Utrecht Center for Quantitative Immunology
Jose A. M. Borghans
Laboratory Translational Immunology
University Medical Center Utrecht
Our major line of research encompasses the study of leukocyte dynamics. For decades immunologists have tried to estimate the typical proliferation and death rates of diverse leukocyte populations. Even though these rates are often regarded textbook immunology, estimates easily vary by more than 100-fold. Nevertheless, these turnover rates are a key factor in our understanding of many immunological processes in health and disease. Moreover, we are trying to reveal how human diseases like HIV infection, and therapeutic interventions such as haematopoietic stem-cell transplantation, affect lymphocyte kinetics, but as long as there is controversy about the lymphocyte kinetics in healthy individuals, such questions remain hard to address. Thanks to recent experimental advances, including the application of stable-isotope labelling to measure cells that undergo proliferation, the time is now ripe to determine these rates of leukocyte turnover. However, proper interpretation of the experimental data hinges upon the use of mathematical models; without such models, labelling curves remain merely descriptive and do not yield the quantitative turnover parameters that are needed.
Unfortunately, there is still a large gap between immunologists and mathematicians, which hampers a potentially fruitful synergy between the two fields of research. I have recently been awarded a VIDI-grant from the Netherlands Organization for Scientific Research (NWO) to bridge this gap, and to develop a truly interdisciplinary line of research where experiments are interpreted using mathematical models, which in turn suggest new experiments. This interdisciplinary approach is used to determine the typical rates of cell death and proliferation of different leukocyte populations in healthy subjects, to study how these rates change with age, and to study the contribution of the thymus to the maintenance of the peripheral T-cell pool. Similar studies in patients should reveal how the population dynamics of various leukocyte populations change when the immune system is disturbed by infections such as HIV, or by haematopoietic stem cell transplantation.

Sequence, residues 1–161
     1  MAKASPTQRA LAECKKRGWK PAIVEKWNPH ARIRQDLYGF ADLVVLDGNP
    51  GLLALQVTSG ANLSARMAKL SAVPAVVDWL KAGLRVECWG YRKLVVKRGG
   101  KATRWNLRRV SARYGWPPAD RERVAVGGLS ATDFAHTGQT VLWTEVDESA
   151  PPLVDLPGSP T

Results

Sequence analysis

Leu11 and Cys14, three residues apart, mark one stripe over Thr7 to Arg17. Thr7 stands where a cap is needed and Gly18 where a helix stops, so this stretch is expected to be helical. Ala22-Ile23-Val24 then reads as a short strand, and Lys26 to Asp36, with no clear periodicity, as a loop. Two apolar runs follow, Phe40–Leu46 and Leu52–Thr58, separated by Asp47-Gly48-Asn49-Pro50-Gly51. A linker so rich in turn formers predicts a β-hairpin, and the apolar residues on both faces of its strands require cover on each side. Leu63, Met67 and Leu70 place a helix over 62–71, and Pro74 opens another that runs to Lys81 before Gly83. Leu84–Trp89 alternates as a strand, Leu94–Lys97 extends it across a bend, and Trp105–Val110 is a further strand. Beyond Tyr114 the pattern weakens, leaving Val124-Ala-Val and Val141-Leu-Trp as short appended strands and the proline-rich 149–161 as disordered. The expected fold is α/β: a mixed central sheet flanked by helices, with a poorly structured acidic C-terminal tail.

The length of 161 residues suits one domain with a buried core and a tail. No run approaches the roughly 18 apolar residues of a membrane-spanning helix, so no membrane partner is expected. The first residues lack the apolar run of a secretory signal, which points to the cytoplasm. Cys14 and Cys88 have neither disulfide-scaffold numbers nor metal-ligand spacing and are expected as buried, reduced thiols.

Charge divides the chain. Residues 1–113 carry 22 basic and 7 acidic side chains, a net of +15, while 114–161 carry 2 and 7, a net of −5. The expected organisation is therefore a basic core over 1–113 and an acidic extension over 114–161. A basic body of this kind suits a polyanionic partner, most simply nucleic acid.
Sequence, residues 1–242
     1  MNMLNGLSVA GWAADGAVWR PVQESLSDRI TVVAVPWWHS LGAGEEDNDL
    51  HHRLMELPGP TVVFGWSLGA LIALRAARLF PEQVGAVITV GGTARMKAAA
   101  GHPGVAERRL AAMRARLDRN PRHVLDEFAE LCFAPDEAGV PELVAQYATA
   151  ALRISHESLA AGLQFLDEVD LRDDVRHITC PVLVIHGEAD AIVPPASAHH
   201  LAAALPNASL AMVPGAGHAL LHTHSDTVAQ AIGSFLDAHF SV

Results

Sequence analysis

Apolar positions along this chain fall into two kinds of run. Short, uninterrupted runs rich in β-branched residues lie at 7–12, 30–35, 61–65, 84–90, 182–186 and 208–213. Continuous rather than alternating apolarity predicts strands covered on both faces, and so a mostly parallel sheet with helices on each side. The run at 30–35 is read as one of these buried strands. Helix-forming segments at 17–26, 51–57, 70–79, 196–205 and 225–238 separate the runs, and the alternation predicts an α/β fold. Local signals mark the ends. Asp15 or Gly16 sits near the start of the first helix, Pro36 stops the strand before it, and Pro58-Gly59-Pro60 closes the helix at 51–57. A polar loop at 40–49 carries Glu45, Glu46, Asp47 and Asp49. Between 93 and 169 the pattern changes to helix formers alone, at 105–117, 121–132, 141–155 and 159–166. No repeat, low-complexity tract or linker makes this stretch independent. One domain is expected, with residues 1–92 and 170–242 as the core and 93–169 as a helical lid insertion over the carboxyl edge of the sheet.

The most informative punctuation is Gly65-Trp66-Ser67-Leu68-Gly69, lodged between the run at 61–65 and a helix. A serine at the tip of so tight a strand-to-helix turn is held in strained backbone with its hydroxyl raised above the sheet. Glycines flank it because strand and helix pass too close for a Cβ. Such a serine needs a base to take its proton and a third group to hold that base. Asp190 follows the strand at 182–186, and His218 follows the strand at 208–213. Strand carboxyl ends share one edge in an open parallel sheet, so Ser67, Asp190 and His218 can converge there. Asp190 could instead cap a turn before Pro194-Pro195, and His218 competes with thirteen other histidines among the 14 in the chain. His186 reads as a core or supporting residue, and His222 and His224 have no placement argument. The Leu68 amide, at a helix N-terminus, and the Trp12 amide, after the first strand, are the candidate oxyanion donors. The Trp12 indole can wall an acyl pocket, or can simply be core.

A second line of research addresses the role of cytotoxic T-lymphocyte responses and human leukocyte antigen (HLA) molecules in HIV-disease progression. Some HLA types have been associated with delayed HIV-disease progression, while others are clearly associated with rapid progression. We investigate two alternative hypotheses that could explain these associations. The first hypothesis is that common HLA types are no longer protective because HIV has evolved to escape presentation by these HLA molecules. The second hypothesis states that protective HLA molecules present epitopes from constrained HIV-1 regions for which escape mutations reduce the fitness of the virus. In line with the latter hypothesis, our bio-informatic analyses have pointed out that certain HLA molecules provide better protection to HIV disease progression than others because of intrinsic differences in their tendency to bind peptides from the HIV-p24 protein.
Five key publications
- Closing the gap between T-cell life span estimates from stable isotope-labeling studies in mice and humans.
Westera L, Drylewicz J, den Braber I, Mugwagwa T, van der Maas I, Kwast L, Volman T, van de Weg-Schrijver EH, Bartha I, Spierenburg G, Gaiser K, Ackermans MT, Asquith B, de Boer RJ, Tesselaar K, Borghans JA.
Blood. 2013 Sep 26;122(13):2205-12. doi: 10.1182/blood-2013-03-488411.
Maintenance of peripheral naive T cells is sustained by thymus output in mice but not humans.
den Braber I, Mugwagwa T, Vrisekoop N, Westera L, Mögling R, de Boer AB, Willems N, Schrijver EH, Spierenburg G, Gaiser K, Mul E, Otto SA, Ruiter AF, Ackermans MT, Miedema F, Borghans JA, de Boer RJ, Tesselaar K.
Immunity. 2012 Feb 24;36(2):288-97. doi: 10.1016/j.immuni.2012.02.006.
Long-term restoration of the human T-cell compartment after thymectomy during infancy: a role for thymic regeneration?
van Gent R, Schadenberg AW, Otto SA, Nievelstein RA, Sieswerda GT, Haas F, Miedema F, Tesselaar K, Jansen NJ, Borghans JA.
Blood. 2011 Jul 21;118(3):627-34. doi: 10.1182/blood-2011-03-341396.
Sparse production but preferential incorporation of recently produced naive T cells in the human peripheral pool.
Vrisekoop N, den Braber I, de Boer AB, Ruiter AF, Ackermans MT, van der Crabben SN, Schrijver EH, Spierenburg G, Sauerwein HP, Hazenberg MD, de Boer RJ, Miedema F, Borghans JA, Tesselaar K.
Proc Natl Acad Sci U S A. 2008 Apr 22;105(16):6115-20. doi: 10.1073/pnas.0709713105.
Quantification of T-cell dynamics: from telomeres to DNA labeling.
Borghans JA, de Boer RJ.
Immunol Rev. 2007 Apr;216:35-47.
and in TBB